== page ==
Overview | God of War: Ragnarok – In 2018, Kratos returned in a game simply titled “God of War”. Quickly getting rid of the Greek gods, the gruff guy took refuge in the cold north. Here he started a family with Fay, but the quiet life soon came to an end. What followed was a dazzling but brutal journey through different worlds to fulfill Faye’s dying wish. The adventure also drew a picture of the future of Kratos and Atreus and made it clear that the world would not return anytime soon. Now, four years later, we’re picking up the ax again and hanging out with the duo again.
Development of Atreus
God of War was originally an action-oriented franchise. As the series got older and more parts appeared, the importance of the story increased. In the previous God of War, this was taken to a new level, because Kratos had something to live with Atreus for. The young man was prepared for a harsh and dangerous life, in which he was still assigned the role of a subordinate father. The result is an exciting development of the father-son relationship that continues in God of War: Ragnarok. Atreus has also grown a bit older and you notice that he fights more freely from his father.
Kratos’ unceasing watchful eye hangs more and more over Atreus, like a shadow who, like any other normal teenager, is having a hard time. Sometimes the stubborn decisions a child makes can get him into trouble, but this is how a child learns to develop. Kratos notices more and more in this adventure that he is losing his grip on his son, noticing that Atreus is becoming more and more mature. In this game, you see that development well, and it shows the father side of Kratos again, which is a unique insight into his character. After all, you play on emotions, whereas in the previous parts it was mainly about the (logical) feeling of revenge.
On the way through different realms
God of War: Ragnarok is, of course, much more than a father and son story. The future of your living environment is at stake due to previous actions and coincidence. We won’t go into detail about spoilers, but we want to tell you that the game tells a compelling story about gods, prophecies, giants, and more. On the one hand, you enjoy the story thanks to the many cutscenes between the stages and the action, on the other hand, the game is full of side quests, story books, etc. This completes the tradition down to the smallest detail. You can easily get lost for hours after you’ve finished reading all the side stories.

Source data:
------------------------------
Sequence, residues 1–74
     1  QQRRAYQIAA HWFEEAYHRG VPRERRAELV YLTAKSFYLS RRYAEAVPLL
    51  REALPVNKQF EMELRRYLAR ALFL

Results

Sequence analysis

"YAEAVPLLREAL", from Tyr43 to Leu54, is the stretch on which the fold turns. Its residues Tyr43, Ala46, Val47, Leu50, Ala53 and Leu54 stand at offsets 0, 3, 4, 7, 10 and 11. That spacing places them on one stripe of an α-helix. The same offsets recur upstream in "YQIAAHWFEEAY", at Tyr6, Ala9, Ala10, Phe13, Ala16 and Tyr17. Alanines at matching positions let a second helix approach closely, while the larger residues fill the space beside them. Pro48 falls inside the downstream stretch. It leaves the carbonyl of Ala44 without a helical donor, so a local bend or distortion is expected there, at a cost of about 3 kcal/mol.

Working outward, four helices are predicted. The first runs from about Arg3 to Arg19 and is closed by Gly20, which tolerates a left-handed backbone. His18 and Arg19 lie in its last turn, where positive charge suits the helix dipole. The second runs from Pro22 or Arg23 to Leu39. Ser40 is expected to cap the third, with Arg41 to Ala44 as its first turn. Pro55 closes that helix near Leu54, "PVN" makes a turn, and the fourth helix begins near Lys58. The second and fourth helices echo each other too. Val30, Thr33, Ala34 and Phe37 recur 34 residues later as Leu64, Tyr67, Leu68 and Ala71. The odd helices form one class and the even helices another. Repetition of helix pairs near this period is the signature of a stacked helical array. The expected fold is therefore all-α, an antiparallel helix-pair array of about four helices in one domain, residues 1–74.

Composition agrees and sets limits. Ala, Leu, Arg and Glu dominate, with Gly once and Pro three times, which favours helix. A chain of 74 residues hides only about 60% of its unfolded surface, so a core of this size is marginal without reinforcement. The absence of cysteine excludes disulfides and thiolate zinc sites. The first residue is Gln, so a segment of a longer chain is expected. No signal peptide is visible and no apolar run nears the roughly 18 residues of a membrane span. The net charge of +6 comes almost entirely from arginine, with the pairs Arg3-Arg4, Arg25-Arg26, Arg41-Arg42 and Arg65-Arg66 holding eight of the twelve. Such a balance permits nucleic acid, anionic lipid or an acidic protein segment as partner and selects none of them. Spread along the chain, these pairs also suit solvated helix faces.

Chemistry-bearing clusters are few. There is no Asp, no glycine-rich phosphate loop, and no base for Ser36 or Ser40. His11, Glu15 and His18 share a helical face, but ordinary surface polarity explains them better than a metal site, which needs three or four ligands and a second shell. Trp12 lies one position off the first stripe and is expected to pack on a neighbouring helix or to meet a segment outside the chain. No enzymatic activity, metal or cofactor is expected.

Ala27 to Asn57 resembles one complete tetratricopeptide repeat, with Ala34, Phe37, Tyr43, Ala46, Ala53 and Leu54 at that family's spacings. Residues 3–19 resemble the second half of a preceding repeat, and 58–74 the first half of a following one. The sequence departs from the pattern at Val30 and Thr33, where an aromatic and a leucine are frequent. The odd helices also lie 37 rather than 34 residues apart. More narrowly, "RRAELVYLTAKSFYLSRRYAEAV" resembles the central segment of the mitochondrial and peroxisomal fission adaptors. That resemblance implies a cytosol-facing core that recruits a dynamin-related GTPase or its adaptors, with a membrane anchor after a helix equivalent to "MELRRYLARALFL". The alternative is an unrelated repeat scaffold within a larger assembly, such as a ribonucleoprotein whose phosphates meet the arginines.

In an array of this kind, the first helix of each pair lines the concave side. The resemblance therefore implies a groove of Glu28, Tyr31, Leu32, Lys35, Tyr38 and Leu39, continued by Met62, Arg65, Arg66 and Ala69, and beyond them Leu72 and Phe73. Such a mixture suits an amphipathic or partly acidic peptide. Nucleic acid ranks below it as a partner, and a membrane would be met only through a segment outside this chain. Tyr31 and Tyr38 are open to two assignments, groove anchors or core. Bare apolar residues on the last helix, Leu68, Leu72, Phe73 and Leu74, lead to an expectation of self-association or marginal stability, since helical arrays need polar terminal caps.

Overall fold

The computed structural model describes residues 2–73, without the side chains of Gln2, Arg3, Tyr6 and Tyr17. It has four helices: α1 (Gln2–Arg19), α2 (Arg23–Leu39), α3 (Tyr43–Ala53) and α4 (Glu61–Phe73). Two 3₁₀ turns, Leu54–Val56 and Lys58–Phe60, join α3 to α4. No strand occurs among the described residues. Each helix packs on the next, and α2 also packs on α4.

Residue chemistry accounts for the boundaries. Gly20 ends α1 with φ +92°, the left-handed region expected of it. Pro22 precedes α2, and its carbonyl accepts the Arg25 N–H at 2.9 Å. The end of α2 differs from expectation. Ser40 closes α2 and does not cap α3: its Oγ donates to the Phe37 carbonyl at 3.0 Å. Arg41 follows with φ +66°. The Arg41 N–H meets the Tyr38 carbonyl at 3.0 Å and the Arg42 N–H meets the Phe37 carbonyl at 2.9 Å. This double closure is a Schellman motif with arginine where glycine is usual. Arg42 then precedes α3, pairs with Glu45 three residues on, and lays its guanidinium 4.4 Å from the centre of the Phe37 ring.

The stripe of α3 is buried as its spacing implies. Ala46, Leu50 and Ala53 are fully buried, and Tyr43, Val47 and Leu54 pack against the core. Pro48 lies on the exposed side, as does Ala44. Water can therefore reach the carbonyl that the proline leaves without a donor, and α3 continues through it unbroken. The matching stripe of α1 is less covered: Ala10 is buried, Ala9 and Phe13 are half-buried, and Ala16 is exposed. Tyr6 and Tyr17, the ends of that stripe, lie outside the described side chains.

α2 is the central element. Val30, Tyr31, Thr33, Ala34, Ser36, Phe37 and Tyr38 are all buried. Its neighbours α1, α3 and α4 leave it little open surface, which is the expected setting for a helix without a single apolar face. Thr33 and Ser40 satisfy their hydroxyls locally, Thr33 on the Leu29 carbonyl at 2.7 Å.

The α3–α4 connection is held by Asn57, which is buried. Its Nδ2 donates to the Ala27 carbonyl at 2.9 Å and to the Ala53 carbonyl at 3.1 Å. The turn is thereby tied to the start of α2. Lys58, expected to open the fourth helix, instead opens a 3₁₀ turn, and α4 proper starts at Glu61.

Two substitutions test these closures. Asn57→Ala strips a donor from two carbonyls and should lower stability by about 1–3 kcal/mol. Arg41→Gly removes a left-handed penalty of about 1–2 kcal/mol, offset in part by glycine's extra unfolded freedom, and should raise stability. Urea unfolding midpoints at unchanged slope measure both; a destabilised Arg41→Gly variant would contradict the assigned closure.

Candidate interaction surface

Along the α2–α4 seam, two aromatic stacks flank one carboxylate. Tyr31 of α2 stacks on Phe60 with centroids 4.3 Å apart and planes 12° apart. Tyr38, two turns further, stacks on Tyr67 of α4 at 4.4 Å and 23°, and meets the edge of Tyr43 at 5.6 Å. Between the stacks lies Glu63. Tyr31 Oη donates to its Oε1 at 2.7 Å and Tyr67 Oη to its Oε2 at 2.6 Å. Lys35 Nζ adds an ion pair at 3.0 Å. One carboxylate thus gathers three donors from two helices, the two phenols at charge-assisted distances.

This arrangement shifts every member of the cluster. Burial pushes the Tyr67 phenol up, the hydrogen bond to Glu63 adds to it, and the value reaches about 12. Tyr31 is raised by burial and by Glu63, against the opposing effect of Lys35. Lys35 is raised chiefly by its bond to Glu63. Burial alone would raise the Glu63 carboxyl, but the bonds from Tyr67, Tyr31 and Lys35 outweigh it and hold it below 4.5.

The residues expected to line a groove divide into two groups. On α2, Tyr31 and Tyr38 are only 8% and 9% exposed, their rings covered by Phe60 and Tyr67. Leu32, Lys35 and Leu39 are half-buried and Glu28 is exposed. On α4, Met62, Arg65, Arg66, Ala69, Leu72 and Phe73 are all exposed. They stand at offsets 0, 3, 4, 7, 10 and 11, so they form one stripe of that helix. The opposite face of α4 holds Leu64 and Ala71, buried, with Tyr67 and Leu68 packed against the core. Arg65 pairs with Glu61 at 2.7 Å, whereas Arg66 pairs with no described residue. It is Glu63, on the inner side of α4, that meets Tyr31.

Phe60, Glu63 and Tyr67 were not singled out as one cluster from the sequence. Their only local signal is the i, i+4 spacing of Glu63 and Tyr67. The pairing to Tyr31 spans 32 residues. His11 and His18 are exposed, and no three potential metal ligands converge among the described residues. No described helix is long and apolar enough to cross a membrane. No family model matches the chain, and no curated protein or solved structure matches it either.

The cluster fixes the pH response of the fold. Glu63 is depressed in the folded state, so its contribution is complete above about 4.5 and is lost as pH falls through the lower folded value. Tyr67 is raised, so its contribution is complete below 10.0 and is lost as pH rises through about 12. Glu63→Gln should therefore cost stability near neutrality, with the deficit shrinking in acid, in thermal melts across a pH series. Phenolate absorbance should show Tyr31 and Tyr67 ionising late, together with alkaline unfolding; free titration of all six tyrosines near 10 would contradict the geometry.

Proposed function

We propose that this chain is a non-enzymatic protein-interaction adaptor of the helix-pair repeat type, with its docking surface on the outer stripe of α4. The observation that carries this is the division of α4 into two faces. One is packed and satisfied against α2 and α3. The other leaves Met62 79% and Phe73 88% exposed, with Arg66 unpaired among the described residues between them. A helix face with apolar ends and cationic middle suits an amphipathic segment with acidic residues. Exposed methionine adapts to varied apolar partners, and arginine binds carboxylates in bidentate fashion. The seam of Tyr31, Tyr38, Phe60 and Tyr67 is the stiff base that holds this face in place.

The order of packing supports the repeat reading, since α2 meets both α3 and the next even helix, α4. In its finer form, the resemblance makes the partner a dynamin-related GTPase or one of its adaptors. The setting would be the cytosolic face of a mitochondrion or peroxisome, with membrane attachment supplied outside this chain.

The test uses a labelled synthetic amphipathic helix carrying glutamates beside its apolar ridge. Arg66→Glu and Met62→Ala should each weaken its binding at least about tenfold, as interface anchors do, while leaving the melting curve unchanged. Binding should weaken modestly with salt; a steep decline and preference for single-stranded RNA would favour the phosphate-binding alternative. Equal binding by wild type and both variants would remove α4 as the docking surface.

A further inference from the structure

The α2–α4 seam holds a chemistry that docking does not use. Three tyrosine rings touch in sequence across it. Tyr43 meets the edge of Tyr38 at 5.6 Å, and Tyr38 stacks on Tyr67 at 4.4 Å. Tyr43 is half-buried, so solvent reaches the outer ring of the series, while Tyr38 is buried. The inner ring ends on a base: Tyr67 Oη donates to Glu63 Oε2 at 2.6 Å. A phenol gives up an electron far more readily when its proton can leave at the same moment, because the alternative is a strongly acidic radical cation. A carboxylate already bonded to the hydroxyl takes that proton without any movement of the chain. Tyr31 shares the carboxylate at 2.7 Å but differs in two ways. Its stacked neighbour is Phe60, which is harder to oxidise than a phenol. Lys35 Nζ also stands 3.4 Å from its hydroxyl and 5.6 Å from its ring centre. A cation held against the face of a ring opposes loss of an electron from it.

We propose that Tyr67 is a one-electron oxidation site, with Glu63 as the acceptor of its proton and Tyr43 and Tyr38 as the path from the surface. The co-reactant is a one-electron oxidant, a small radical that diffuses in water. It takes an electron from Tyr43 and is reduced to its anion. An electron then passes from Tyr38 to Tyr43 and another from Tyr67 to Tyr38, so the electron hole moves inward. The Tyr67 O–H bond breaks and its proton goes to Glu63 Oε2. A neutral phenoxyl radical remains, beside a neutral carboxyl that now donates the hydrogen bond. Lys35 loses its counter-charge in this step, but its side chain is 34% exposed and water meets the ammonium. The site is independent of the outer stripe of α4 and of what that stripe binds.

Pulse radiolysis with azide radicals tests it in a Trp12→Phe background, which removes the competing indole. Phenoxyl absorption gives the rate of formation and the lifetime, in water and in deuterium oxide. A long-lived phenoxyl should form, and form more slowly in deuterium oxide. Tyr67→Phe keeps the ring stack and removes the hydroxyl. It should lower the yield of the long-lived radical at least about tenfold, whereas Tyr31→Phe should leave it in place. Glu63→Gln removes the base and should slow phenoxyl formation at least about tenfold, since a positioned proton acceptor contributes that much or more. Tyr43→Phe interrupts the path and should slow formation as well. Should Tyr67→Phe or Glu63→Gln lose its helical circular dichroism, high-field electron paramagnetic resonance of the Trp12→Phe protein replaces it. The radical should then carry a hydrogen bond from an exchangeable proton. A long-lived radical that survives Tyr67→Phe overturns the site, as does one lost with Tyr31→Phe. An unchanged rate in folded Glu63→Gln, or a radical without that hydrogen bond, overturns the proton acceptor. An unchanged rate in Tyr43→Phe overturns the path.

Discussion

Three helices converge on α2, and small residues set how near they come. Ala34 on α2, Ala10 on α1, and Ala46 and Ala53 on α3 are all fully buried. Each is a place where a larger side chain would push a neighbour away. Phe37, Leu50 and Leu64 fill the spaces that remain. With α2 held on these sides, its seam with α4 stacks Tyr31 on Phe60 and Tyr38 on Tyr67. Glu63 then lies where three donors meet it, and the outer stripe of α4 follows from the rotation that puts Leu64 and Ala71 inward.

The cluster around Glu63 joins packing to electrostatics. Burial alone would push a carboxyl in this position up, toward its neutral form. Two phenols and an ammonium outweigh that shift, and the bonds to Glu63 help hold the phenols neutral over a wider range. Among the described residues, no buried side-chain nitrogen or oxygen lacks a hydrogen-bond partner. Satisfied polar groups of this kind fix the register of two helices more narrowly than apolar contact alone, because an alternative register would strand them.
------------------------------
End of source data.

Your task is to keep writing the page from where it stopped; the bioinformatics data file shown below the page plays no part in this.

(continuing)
All of this makes the overarching story brought to you in God of War: Ragnarok gripping from start to finish. Expect unexpected plot twists. What also plays a role in this is that you will visit different worlds again. So you travel back to Muspelheim, Midgaard, Helheim, Alfheim, as well as worlds that you didn’t visit in the previous game. So some areas are recognizable, but in many cases the developer presents you with a different part, so it doesn’t feel like a cheap rework. Realms you haven’t been to before are really good because of the variety they create.
Each realm has a completely different style and vibe, so what you discover will always be somewhat of a surprise. Sometimes you will be surprised by the splendor that is called out on the screen. The attention to detail is exceptional, and we found ourselves enjoying the carefully crafted levels several times. However, there is still a lot of work to be done, and this is reflected in the regular story-related fights, as well as the many free fights, collectibles, and other items needed to progress.
Since God of War: Ragnarok, like its predecessor, has an open structure, all worlds can be visited individually. This is normal between missions, so you can always get out of the way to complete some side quests or pick up collectibles. There is much to be done and pointed out. We ourselves finished the story in about 28 hours and now the timer is showing 45 hours and we still haven’t done everything the game has to offer. So there is definitely no shortage of content, and most importantly: nothing seems superfluous or unnecessary, everything fits perfectly into a single whole. Thanks to the good gameplay, you won’t get bored even for a minute, and this is mainly due to the great variety between the puzzles in the environment, the fights and the dialogues that you have with many of the characters.